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An Ignorant Way To Prevent Disease

The Mississippi state legislature in the U.S. is considering a bill that would not allow restaurants to serve obese people. How ignorant could the legislature be? Apparently, extremely so!

The obesity problem that now affects over 1/3rd of the U.S. population is a problem that stems from education, or lack of it. Restaurants and food companies are also charged with abetting the obesity crisis but they can only do so to those who lack education, rationalize or just don't care. With education, the caring aspect can be changed around. The lunacy of the legislature proves them as uneducated as the obese.

Research has shown that those who have been educated in nutrition make better choices when eating. This bill would not solve any problems, it would create more. First of all, restaurateurs aren't in business for the skinny man. Not only would this bill limit the amount of customers, but they would also limit the amount people order and therefore spend, since it can be assumed that obese people eat more than their skinny counterparts. Another fact to consider is who is actually obese? A weightlifter can weigh a lot and may look obese on the charts yet has very low body fat.

As recently reported in USA Today, many people disagree with the bill.

Timothy Church, director of preventive medicine research at Pennington Biomedical Research Center in Baton Rouge, says the idea for the proposed law is "insane. I don't even know how to react to something so bizarre. This is five steps backward. This is not how you address the problem on so many levels. "And what about civil rights? It's totally unenforceable, and you'd be alienating people. Most people who are obese don't want to be that way. "Morgan Downey, executive director of the Obesity Society, an organization of weight-loss researchers and professionals, calls the proposed law "the most ill-conceived plan to address a public health crisis ever proposed."

The way to fight the obesity crisis is education. Education does not begin in restaurants. Is the restaurateur in the business of education or food service? Registered Dietitians, Doctors and other health professionals need to take charge of the egregious obesity crisis and advocate education. If nutrition is taught as a subject in school, just like math or science, people would identify with it more. The adage, out of sight, out of mind, is unfortunately the current state of affairs in the nutrition world. What are people exposed to more, fast food commercials or fruit commercials? This is ludicrous; obesity can and should be prevented! By focusing on embarrassing people, Mississippi will not solve the obesity crisis. By focusing on education, they have a fighting chance. It is imperative and admirable that a state is recognizing the obesity crisis, but recognizing isn't enough. They must look to the educators, do research and find a way that works.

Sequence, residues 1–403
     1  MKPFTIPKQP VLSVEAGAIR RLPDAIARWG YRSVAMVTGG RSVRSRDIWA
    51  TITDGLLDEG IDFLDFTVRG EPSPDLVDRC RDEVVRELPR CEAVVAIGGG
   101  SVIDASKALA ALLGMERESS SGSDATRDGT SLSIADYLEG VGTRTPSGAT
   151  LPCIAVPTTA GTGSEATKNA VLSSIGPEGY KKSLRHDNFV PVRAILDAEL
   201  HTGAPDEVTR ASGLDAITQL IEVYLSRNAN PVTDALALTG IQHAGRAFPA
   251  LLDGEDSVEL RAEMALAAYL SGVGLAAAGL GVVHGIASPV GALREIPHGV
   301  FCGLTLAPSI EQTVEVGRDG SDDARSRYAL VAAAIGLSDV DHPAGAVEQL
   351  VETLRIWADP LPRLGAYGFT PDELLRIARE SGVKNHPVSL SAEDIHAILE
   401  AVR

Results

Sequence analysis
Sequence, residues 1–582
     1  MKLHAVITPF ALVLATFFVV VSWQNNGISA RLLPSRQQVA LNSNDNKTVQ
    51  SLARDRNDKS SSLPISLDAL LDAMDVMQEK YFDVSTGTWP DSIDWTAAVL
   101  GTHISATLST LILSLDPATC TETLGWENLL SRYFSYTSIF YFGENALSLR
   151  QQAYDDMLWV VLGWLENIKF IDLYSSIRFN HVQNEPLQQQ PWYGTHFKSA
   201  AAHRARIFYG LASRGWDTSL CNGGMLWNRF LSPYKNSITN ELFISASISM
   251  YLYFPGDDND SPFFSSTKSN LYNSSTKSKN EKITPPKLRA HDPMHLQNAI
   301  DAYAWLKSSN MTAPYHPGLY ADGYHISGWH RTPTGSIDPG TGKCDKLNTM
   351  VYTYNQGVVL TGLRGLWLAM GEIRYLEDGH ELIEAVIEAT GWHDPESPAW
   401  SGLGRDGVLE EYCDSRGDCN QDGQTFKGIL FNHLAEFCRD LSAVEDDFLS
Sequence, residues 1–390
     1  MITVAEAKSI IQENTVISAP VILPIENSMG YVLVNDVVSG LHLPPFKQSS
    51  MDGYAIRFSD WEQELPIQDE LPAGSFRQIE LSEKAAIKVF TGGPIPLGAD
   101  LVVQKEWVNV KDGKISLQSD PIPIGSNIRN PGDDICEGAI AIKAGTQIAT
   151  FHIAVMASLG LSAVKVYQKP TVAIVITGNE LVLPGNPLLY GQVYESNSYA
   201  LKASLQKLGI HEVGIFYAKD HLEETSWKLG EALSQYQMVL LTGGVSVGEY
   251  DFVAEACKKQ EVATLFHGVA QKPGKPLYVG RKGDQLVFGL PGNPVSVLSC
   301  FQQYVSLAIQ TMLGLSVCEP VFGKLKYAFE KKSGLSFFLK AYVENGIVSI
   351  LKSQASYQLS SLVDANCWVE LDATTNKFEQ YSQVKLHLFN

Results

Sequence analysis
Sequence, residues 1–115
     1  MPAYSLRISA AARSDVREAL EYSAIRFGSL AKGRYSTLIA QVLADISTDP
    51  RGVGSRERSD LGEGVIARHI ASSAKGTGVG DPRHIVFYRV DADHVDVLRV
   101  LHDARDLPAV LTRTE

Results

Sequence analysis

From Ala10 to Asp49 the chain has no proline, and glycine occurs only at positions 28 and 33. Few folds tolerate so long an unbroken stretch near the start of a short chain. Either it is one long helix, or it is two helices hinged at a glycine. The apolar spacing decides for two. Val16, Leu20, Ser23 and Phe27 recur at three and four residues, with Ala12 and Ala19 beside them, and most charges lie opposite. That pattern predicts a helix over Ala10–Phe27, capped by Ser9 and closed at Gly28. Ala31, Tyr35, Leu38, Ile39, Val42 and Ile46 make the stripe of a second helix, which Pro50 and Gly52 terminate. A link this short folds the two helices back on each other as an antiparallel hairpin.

In addition, recent studies have shown that those who have obese friends are more likely to be obese and both parties deem it acceptable. The alarming fact that there are more obese people in the world today than malnourished people puts an added burden on the budget. As a single healthy person, I pay $360.00 per month for health insurance. This outrageous fee would be abated if there were less sick people. Since heart disease is the number one cause of death in this country and it is directly related to obesity, the heart attack rate would diminsh with decreased obesity. Imagine the savings in healthcare if half the bypasses weren't needed? Billions of dollars and lives can be saved and I would pay less for health insurance.

So Mississippi, you are lauded for attempting to take a stance on this critical issue, now you need to educate yourself on how to do so.

Shari Portnoy, MPH, RD, LD/N is a Registered and Licensed Dietitian. She holds degrees in both Nutrition and Public Health and has completed the U.S. Food Laws course at the Michigan State University Institute of Food Laws. She has been a featured speaker at the American Culinary Federation National Convention and a board member of the American Dietetic Association.

Reference Source 129, 167
February 14, 2008


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